WASHINGTON — As moviegoers across the nation watched the end of the world with the opening of "2012" last week, news of Earth's demise spread quickly across the Web. Scientists, fed up with the misleading prophecies, quickly set the record straight with their own series of articles and a YouTube video.
In the film, the world ends on Dec. 21, 2012 — a date that marks the end of a Long Count period, or 25,000-year cycle, on the Mayan calendar. The film is directed by Roland Emmerich, who's also behind the doomsday features "The Day After Tomorrow" and "Independence Day."
In the past, the scientific community hasn't responded to apocalyptic visions and just waited for the end-of-the-world storm to pass, said Don Yeomans, a senior research scientist at NASA.
For instance, the Y2K scare leading up to the year 2000 paralyzed many with fears that computers and electronic equipment couldn't make the transition to the new century. People stockpiled bottled water and canned food to prepare for what became a non-event.
With "2012," however, it quickly became evident on the Internet that there were a number of misinformed people and that the disaster scenarios were multiplying, he said.
This time, members of the scientific community decided they needed to step in and let the science do the talking. So NASA posted a series of responses on its site to the many rumors in the film, addressing the misconceptions one by one, and also posted a YouTube video.
Bob Waxman, the author of "2012: The Ultimate Meaning," said his book also attempts to dispel the myths.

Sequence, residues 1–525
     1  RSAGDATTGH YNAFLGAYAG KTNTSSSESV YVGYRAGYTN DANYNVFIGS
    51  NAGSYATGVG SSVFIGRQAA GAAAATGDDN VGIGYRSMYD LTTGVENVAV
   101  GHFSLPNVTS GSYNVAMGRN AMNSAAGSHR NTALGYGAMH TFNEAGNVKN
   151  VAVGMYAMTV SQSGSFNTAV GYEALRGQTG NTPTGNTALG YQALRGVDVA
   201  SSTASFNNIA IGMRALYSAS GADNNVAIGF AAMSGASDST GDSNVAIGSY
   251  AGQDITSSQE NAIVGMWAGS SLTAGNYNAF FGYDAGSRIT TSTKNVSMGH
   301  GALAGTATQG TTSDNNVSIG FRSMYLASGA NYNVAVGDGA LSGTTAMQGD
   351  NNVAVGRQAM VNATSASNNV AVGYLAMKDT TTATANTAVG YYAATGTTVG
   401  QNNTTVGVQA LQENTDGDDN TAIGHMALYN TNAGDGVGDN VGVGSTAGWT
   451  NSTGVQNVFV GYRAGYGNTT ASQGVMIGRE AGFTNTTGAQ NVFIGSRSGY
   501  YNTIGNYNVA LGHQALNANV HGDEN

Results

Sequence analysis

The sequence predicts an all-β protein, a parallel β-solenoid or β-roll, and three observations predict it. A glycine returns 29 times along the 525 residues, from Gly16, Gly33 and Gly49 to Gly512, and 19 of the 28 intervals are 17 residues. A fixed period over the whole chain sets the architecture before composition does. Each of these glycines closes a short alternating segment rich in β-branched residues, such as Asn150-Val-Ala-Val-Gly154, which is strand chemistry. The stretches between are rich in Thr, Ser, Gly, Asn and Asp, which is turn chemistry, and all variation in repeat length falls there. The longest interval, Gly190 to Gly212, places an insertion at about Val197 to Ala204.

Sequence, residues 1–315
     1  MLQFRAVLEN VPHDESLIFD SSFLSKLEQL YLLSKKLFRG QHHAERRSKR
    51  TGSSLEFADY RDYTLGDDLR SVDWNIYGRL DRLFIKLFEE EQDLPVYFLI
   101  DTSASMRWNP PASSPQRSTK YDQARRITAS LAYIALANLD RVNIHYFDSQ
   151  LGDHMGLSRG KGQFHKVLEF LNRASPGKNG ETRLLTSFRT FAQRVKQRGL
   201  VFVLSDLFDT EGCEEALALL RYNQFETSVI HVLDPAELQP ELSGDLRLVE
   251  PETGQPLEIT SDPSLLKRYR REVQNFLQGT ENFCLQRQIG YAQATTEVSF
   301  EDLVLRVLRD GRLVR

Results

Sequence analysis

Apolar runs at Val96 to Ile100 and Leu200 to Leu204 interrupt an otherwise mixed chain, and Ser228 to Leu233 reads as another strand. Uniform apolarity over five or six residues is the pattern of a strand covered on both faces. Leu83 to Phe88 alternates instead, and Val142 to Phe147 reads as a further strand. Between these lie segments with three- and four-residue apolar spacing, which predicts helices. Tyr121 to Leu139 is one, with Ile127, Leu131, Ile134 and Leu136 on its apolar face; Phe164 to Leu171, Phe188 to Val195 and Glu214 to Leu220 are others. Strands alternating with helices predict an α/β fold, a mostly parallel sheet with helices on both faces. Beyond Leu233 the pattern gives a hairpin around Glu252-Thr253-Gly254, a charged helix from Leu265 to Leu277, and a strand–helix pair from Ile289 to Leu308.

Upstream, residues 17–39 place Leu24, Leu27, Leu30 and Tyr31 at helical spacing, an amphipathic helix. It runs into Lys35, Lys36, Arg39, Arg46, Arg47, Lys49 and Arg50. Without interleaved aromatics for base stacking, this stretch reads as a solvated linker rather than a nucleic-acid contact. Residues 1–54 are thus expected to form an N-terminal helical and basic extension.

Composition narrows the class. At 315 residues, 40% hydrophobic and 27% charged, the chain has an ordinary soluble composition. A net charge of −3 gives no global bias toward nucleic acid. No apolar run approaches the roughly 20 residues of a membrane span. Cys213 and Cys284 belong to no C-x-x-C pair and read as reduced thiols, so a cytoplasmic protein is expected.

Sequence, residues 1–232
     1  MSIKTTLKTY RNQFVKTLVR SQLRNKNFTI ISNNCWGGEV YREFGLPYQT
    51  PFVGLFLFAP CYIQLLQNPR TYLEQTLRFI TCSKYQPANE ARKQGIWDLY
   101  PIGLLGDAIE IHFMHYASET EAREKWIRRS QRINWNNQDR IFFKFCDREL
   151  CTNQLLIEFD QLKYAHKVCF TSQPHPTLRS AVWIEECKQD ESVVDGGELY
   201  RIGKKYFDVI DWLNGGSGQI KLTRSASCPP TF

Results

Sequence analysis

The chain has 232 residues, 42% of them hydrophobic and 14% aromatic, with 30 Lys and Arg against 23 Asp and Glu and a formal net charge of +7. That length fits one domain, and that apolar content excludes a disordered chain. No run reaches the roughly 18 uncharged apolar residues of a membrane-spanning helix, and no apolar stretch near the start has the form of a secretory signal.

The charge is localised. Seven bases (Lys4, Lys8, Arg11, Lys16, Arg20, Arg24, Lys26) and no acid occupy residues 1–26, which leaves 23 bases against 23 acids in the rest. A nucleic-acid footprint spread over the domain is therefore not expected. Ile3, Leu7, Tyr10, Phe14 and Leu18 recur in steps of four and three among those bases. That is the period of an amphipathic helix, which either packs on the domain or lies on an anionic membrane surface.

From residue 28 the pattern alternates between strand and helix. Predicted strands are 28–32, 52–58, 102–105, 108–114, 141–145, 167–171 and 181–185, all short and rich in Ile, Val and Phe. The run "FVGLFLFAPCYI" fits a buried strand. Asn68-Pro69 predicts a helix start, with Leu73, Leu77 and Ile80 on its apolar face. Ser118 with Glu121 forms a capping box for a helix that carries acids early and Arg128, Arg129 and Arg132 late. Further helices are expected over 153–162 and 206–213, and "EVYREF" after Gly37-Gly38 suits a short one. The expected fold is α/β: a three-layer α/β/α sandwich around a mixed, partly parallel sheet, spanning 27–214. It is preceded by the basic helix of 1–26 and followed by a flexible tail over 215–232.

"The book tells the truth about 2012," he said. "There is so much propaganda out there. The Earth's crust is going to crack and cause volcanoes and Earthquakes, and supposed solar flares that are going to heat up the inner core; a planet that no one has ever seen (is going to crash into us); every possible way to destroy the Earth is in the movie."
The release date of his book — Dec. 21, 2009 — plays into the "2012" movie theme, however. It's exactly three years before the supposed doomsday.
NASA's Yeomans said that movie producers played into the hysteria, creating an Institute for Human Continuity Web site and even allowing users to vote for the leader of the new world.
"Normally, folks would think this is nonsense, but its Internet life was building," he said.
Another popular theory explored in the movie includes a planet named Niburu crashing into the Earth.
In fact, no such planet exists, Yeomans said.
The catastrophe initially was predicted for May 2003, but when no such event occurred, the end of the world was postponed to December 2012.
Yeomans said he isn't sure that there's anything scientifically correct in the movie because he hasn't yet seen it.
He and other scientists hope, however, that accurate information from trusted experts will stop end-of-the-world rumors from spreading further.
"We are not movie critics," said NASA spokesman Dwayne Brown. "Our duty is to give the science fact, not the science fiction."
(The Medill News Service is a Washington program of the Medill School of Journalism at Northwestern University. Kiran Sood, a graduate student from Naperville, Ill., covers science and technology.)
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